A number of students who lived in IU's residence halls at the time have filed a lawsuit against the Trustees of IU after dealing with mold discovered last semester in residence halls.
The students’ attorneys claim IU broke its contract by allowing students to move into mold-plagued rooms. They also allege a number of wrongdoings, including negligence, fraud and deception.
But the Trustees’ attorneys argue the students have no case.
From cleaning rooms to moving out, many students have dealt with the fallout of mold on campus. Some believe they experienced mold in the residence halls before this year’s public outrage.
Freshman Kathryn Mulroe now starts her mornings with a cocktail of various medicines. She finishes her days with another. She says she would not have to take some of the medications if she hadn’t been exposed to mold.
An asthmatic who is allergic to mold, Mulroe got sick last fall soon after she moved into McNutt Quad. She said she remembers feeling winded trying to go up stairs.
She can’t remember the exact number of times she went to the IU Health Center. It was either seven or eight.
Her MoldSCORE, a number that helps assess the amount of mold in a room, was deemed safe — only 107 out of 300.
Sophomore Brindin Parrott remembers her clothes smelled like cat pee. She didn’t have a cat.
The first-generation college student became ill last fall soon after moving into Ashton Center. Eventually, she was struggling to breathe so much she wasn’t able to go to the gym.
“Not being able to work out made my mental health even worse,” she said. “And that’s on top of being sick.”
After every cough, Parrott’s mouth began to taste like blood.
She went to the emergency room in November and was prescribed a steroid, inhaler and a cough medicine. Parrot was also prescribed a pain reliever but didn't fill it so her bill would be cheaper.
Parrott made plans to move into BBHN Apartments on campus and estimates she spent about $500 furnishing her new apartment.
Before she left Ashton, Parrott said she saw people in masks come to clean two other rooms in her building.
Vocal performance major Regan Poarch’s story is a little different. She lived in McNutt Quad last year, and an employee of Residential Programs and Services said in an email there was no mold found in her residence hall.
Still, the then-freshman visited the IU Health Center seven times last year. What started as a cough developed into bronchitis, the flu, a bacterial infection in her eye and eventually asthma.
She had to stop singing for a time. But Poarch still had class, so she was forced to sit in rehearsals and read the music watching while her peers sang. Poarch said she felt like she was playing a game of catch up all year.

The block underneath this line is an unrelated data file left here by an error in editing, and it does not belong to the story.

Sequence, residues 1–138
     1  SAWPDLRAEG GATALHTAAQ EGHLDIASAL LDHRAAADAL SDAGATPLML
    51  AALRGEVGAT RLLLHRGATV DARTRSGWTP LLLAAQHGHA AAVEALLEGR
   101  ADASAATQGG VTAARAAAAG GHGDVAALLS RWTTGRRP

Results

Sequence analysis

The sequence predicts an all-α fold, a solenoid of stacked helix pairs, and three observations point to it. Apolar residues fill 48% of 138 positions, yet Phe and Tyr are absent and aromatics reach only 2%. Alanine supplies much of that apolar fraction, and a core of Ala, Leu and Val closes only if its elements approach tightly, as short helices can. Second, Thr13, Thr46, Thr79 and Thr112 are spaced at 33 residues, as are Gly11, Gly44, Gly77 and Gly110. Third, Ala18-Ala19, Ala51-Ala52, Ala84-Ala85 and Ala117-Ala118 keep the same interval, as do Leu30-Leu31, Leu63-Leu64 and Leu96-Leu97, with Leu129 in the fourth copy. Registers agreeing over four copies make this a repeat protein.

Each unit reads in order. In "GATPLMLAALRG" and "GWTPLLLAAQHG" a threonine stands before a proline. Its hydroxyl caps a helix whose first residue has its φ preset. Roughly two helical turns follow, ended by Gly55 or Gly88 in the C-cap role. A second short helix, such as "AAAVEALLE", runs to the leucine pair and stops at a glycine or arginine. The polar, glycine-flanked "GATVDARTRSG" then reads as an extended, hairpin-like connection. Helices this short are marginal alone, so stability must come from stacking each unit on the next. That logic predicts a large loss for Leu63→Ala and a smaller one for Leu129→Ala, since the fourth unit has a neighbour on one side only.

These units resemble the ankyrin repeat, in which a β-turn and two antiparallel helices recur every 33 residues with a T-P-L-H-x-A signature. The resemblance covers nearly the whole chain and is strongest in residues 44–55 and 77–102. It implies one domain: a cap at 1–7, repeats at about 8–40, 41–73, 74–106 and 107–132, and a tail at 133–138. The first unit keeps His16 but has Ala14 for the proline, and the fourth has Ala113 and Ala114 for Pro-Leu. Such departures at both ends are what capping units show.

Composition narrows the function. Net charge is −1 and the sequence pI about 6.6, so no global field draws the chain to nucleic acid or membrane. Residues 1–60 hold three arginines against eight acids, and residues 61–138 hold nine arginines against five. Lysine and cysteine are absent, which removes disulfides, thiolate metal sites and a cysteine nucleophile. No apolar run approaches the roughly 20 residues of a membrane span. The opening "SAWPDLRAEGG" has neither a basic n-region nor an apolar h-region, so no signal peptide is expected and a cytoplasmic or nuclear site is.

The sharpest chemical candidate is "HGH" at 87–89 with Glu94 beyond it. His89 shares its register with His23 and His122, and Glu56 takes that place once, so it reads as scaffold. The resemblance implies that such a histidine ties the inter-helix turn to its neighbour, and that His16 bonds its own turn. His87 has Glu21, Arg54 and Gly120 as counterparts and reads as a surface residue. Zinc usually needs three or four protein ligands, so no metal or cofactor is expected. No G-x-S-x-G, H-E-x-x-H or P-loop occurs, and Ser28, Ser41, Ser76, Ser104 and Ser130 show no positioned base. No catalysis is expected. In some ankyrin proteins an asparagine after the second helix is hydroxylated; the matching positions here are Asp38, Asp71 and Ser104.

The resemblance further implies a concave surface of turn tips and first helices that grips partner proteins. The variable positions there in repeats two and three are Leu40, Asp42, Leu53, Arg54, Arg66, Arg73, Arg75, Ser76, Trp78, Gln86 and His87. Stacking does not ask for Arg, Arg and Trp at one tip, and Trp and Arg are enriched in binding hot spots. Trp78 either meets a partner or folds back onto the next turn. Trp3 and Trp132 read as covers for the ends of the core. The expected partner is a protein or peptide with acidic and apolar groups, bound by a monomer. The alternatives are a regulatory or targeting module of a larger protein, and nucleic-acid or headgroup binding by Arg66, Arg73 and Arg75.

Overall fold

“It was your basic freshman who gets sick,” Poarch said. “But times 10.”
One day in the spring, she joined her friends on a run from McNutt Quad to Read Center.
She was fine in the beginning, but when the group passed Wells Library, Poarch began to cough.
Once she arrived at Read Center, Poarch dashed to the bathroom and leaned over the sink, still coughing. The sink was dotted with blood.
The cause of this and Poarch’s sudden asthma is unknown. She and her mother, Christine, suspected mold in McNutt, so Christine Poarch sent a message to the McNutt maintenance email. She specifically asked about the bathrooms and air ventilation system.
“I did not find any mold but did see some metal surfaces that were tarnished that could be perceived as mold,” said a member of RPS who inspected Poarch’s floor and bathrooms in McNutt in an email.
The staff member also said the vents are cleaned regularly and the filter system would be checked. Neither Christine Poarch’s email nor the RPS response mentioned investigating inside Poarch’s room.
After she got sick, Poarch visited an allergy and asthma specialist. She was diagnosed with late onset asthma and has since been allergy tested. She said she is allergic to almost every type of mold.
Poarch never found out what made her sick. But her health has gotten better since moving out of McNutt, and she still suspects her room had mold.
She now has to keep an emergency inhaler in her backpack.
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